Cuba: I brought back cof­fee, cigars and Cas­tro’s Curse

When in Ha­vana, maybe you bet­ter not do what the lo­cals, and Hem­ing­way, did

The Hamilton Spectator - - COMMENT - Paul Benedetti lives in Hamil­ton. PAUL BENEDETTI

They say that Ernest Hem­ing­way once drank 12 dou­ble mar­gar­i­tas in one sit­ting at El Floridita, his favourite bar in down­town Ha­vana.

My own Cuba ad­ven­ture in­volved only two mar­gar­i­tas and I still landed flat on my back in bed for three days.

But like all stories of travel and ad­ven­ture, it’s best to start at the be­gin­ning.

I had wanted to go to Ha­vana for years, “be­fore it changed”, which is code for “be­fore the Amer­i­cans ruin it.”

So, we booked it. Three days in Ha­vana, four in Va­radero. A dream trip.

Ha­vana is a noisy, beau­ti­ful wreck of a city, filled with vin­tage candy-coloured cars, gleam­ing white mar­ble build­ings, di­lap­i­dated ten­e­ments and ev­ery­thing puls­ing to the non-stop back­beat of car horns and conga drums. We loved it. We ar­rived Mon­day and by Tues­day evening, I was feel­ing bad. I had a travel stom­ach bug, Mon­tezuma’s Re­venge, or in this case, Cas­tro’s Curse. I knew I’d prob­a­bly get sick. I have a sen­si­tive stom­ach. In fact, if my stom­ach were a song, it would be a bal­lad by Dan Hill.

Wisely, I had asked my doc­tor for meds be­fore we left. She gave me two pre­scrip­tions, one for res­pi­ra­tory in­fec­tion and one for my stom­ach.

I took the pills and ate Imod­ium tablets like they were Smar­ties. I sur­vived the three-hour bus ride to Va­radero. I won’t go into de­tail, but let’s just say it’s best if you don’t have to use a road­side bath­room in Cuba. Along with mod­ern cars, one of the things La Revolu­cion ap­par­ently for­got, was toi­let pa­per.

The re­sort was beau­ti­ful. My pre­scrip­tion said “to avoid al­co­hol” and “ex­po­sure to the sun.” That’s like go­ing to Las Ve­gas and be­ing told to “Avoid slot ma­chines and ex­po­sure to Wayne New­ton.”

In hind­sight I re­al­ize that drink­ing beer, eat­ing ce­viche (raw fish cooked in lime juice), and get­ting a sun­burn, were prob­a­bly not the best ideas.

We got home Mon­day, and I went straight to bed. On Tues­day, I felt worse. I spent the day ei­ther in bed or in the bath­room. By Wed­nes­day morn­ing, I was re­ally, re­ally bad.

My wife left for work and I idled away the morn­ing writhing around in agony. I fi­nally texted her, “Please call. Need help.” When she got home, I could hardly talk. “Can you stand up?” she said. “I’m not sure,” I moaned. “Well,” she said, firmly. “Ei­ther you try or I’m phon­ing 911.”

She half-car­ried me to the car and we drove to the Ur­gent Care Cen­tre. She brought me in, dou­bled over and moan­ing, snap­pily dressed, I might add, in a sweat­soaked T-shirt and my py­jama bot­toms. “Take a num­ber” said the se­cu­rity per­son. “My hus­band is re­ally sick,” said my wife. “You still have to take a num­ber.” We did and I curled up in a chair, groan­ing.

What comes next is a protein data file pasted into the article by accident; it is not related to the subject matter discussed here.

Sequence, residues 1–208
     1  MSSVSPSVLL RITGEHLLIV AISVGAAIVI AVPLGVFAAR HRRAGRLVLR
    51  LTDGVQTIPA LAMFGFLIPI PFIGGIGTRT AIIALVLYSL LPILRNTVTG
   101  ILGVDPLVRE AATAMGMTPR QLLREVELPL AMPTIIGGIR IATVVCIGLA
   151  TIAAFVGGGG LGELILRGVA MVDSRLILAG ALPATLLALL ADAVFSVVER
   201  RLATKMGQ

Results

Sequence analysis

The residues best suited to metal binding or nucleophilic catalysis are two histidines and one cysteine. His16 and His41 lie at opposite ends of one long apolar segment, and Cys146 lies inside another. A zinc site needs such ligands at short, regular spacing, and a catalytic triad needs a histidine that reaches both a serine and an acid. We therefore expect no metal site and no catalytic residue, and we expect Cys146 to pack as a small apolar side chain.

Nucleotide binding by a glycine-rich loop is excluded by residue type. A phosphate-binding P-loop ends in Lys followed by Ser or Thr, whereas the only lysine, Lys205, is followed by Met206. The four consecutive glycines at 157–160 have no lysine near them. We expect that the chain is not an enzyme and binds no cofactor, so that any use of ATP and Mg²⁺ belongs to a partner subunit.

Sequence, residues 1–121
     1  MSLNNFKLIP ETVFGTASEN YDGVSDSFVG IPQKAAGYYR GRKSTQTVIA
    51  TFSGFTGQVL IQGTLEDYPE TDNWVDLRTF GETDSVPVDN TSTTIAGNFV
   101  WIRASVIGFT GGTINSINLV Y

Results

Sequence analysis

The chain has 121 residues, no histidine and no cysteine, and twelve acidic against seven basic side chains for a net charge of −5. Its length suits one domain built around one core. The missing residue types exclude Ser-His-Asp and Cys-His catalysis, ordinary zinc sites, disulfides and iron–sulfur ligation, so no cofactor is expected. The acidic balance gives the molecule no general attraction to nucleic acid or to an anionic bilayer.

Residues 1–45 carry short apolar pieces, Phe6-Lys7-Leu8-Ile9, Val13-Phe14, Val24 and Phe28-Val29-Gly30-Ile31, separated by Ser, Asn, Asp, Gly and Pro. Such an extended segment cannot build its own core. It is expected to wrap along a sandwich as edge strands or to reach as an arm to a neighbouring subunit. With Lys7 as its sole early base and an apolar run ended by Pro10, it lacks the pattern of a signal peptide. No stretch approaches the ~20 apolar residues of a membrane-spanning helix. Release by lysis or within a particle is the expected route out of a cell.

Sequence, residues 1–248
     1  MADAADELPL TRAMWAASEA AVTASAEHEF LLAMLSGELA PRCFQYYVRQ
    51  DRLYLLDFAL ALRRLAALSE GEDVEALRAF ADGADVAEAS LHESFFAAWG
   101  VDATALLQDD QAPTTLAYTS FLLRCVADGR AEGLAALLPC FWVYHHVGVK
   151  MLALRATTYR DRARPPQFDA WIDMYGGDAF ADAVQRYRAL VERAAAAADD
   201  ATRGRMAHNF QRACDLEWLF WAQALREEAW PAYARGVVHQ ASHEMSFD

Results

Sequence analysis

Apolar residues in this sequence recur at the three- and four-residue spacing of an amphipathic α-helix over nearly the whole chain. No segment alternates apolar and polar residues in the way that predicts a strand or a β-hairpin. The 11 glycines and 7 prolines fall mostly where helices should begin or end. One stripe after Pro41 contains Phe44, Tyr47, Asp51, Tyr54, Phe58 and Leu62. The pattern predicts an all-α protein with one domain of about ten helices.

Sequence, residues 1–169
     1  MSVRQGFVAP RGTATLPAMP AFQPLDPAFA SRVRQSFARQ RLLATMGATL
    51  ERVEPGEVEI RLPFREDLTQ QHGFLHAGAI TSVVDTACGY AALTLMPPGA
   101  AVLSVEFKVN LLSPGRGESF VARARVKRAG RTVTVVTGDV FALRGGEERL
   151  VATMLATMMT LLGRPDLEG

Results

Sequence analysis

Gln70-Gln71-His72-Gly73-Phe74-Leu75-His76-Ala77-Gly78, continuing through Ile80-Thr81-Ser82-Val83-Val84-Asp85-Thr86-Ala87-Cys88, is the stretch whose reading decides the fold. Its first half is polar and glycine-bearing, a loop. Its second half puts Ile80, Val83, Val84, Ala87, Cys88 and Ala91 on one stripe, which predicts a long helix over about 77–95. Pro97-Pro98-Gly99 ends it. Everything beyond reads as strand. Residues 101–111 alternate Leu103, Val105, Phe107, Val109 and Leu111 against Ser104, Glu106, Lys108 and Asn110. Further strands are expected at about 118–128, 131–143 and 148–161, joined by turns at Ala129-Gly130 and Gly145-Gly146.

A nice older cou­ple was sit­ting across the room. The woman said, “He looks re­ally sick.”

Noth­ing was hap­pen­ing, so I thought it might speed things up if I threw up all over the wait­ing room. “Gee, he re­ally is sick,” said the woman. “Yes,” said my wife. “He got some­thing in Cuba.”

This prompted the man (and I am not mak­ing this up) to say, “I al­most died at an all-in­clu­sive. Choked on a big chunk of steak.” This made me throw up again. Within min­utes I was on a bed and a calm, friendly nurse was try­ing to take blood. “I’m sorry,” she said, prick­ing me again, “I can’t get any­thing. You’re too de­hy­drated.”

A young, ef­fi­cient doc­tor came in, checked my gut, or­dered a bag of IV flu­ids and pain meds. I felt bet­ter al­most im­me­di­ately. A few hours and an­other bag of fluid later, I could talk again. The doc­tor wrote out a script for an­tibi­otics and the nice nurse wished us luck.

When we got home, my wife handed me the pill bot­tle. I looked at the big white pills inside. And it hit me. Sure, I had taken meds in Cuba — the wrong meds — the ones for a res­pi­ra­tory in­fec­tion.

So, although my stom­ach was in knots and my bum was on fire all week, I was the last guy in Cuba who was go­ing to catch a cold.

I spent the next three days in bed, drank about 50 litres of wa­ter and lost seven pounds.

Go to Ha­vana, it’s a beau­ti­ful, crazy, bat­tered jewel of a city, a wreck and a won­der. And the peo­ple are lovely.

But here’s my ad­vice: skip the salsa on the ta­ble and stick to the salsa on the dance floor.

You’ll thank me.

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